Thursday, January 30, 2014

Disney Magic 2.0 Day 3 Part 2: First night on the ship

Still Monday, January 20, 2014:

So we had been on board the re-imagineered Disney Magic for almost 2 hours now, and had eaten lunch and checked out the new kids' clubs. It was 1:30 p.m. and our staterooms were now available. I decided to head to the room by myself to drop off some of our backpacks while Brian stayed in the Oceaneer Lab for a few more minutes with the kids.

We stayed in Stateroom #8500, Category 4B, Deluxe Family Oceanview Stateroom with Verandah (fits 5 people). We had never stayed in a room with a verandah before, because we've never wanted to spend the extra money (on our past cruises it would have cost us about $500 more for a verandah). But for some reason, on this cruise, a verandah room was only about $10 more than 2 inside rooms. We decided to splurge and try the verandah.

We loved our stateroom location. It was on deck 8, starboard side, the very first room on the forward side. There was crew space across the hall and to our left, so we only had one neighboring stateroom. Being at the front of the hallway made it very quiet. Also, we were close to the forward elevators, which are a lot less busy than the mid-ship elevators.

I hung our fish extender and put our personalized magnets (all free from the DIS boards and a Facebook group) on the door. The kids always enjoy seeing these.
The staterooms on Disney ships are larger than most other cruise lines. Our room had a queen-size bed, bunk beds and a pull-down murphy bed near the verandah.
It had a desk and dresser for storage, as well as two closets.
Suitcases fit under the bed.
Since we are Castaway Club members (anyone who has cruised with Disney before), we had a Castaway Club gift on our bed. It was a tote bag with a magnet dry erase board inside. Our tote bag actually broke the next day, but we went to guest services and they gave us a replacement.
The dresser:
The room had two bathrooms: one with sink/shower, the other with toilet/shower/bath.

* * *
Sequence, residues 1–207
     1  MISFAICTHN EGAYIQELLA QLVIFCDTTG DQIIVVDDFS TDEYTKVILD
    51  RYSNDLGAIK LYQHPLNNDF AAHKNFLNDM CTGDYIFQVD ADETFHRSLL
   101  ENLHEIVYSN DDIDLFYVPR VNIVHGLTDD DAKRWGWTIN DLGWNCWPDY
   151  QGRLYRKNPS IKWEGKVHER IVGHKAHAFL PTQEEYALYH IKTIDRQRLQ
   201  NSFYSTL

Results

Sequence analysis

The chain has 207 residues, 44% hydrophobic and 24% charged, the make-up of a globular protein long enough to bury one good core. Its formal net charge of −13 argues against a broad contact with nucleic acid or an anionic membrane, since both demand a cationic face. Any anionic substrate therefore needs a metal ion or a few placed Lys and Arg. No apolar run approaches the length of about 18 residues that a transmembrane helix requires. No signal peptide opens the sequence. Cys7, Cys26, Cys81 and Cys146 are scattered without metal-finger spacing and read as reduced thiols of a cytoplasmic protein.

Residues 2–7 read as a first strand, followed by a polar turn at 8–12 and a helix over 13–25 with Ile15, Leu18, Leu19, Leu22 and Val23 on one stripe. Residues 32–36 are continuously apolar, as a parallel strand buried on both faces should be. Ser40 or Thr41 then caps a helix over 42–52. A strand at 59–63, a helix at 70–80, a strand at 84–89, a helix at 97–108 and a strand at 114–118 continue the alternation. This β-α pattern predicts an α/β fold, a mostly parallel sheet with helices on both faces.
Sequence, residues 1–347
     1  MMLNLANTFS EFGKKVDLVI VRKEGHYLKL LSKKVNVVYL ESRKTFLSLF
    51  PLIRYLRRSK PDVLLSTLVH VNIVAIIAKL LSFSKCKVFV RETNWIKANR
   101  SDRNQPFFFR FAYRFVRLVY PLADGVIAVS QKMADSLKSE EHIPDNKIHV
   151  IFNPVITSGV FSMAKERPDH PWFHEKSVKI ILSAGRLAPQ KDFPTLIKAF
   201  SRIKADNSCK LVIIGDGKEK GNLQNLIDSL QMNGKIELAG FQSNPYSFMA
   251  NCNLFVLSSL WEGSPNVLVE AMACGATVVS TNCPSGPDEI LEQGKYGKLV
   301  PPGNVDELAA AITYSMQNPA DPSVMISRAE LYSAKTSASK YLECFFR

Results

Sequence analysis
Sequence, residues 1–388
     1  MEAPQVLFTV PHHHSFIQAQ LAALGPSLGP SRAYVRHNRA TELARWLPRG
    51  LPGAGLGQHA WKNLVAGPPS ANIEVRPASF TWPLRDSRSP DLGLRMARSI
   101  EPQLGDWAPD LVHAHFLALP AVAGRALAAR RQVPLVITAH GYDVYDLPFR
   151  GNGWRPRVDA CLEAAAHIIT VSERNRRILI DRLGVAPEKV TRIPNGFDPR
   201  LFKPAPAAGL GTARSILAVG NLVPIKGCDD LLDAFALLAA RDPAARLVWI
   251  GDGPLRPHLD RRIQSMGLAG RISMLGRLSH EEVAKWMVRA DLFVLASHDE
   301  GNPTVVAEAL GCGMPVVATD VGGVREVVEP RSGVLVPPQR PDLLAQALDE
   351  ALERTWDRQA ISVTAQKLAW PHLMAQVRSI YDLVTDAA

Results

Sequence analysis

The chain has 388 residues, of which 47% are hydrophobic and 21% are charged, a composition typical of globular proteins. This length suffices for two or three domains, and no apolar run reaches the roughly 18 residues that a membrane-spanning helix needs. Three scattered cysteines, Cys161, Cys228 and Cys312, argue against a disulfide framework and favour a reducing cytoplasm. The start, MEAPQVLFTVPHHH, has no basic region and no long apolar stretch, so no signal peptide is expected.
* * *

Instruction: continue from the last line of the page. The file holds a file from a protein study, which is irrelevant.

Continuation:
Our verandah was next to the ship's bridge. The officers waved to our kids when we were out there at the same time.
The Disney Cruise terminal from outside of our verandah.
Brian and the kids came to our room about 10 minutes later, and we already had a few of our suitcases delivered. We hung out in our room for about an hour unpacking, watching Disney TV and enjoying the verandah.

At 3:00, we went to a DIS board group meet-up in the promenade lounge. We met other people on our cruise through the DIS message boards, and this was a chance for adults and kids to meet. One of the members got all the kids together to play games like Simon Says and duck duck goose. These meet-ups are great for kids who are shy and may be hesitant about going into the kids' clubs alone...if they already know some kids they might have more fun.
We were only there a few minutes when my youngest was whining that she was hungry. She hadn't eaten much at lunch. My 6-year-old was having so much fun at the meet-up, Brian stayed with him there while I took the other two kids up to the pool deck for a quick snack.

We went to Daisy De Lites, a quick-service restaurant on deck. They have healthier fast food including wraps, yogurt and fruit. After a drink and some food, the kids felt better (and so did I).
Brian and Joshua met up with us there:
Everything started to close down in order to get all the passengers going to the mandatory lifeboat drill at 4:00. We we made out way to our muster station, which was outside on Deck 4. Everyone had to line up in a single file line by family and listen to the safety instructions. Alyssa insisted on being carried and fell asleep during the drill. After the drill, most people made their way up to decks 9 and 10 for the sail away party. Since Alyssa was still sleeping, I sat down with her in my arms on deck 4 while the boys went to the sail away party. Alyssa awoke about 15 minutes later, and we joined the party already in progress.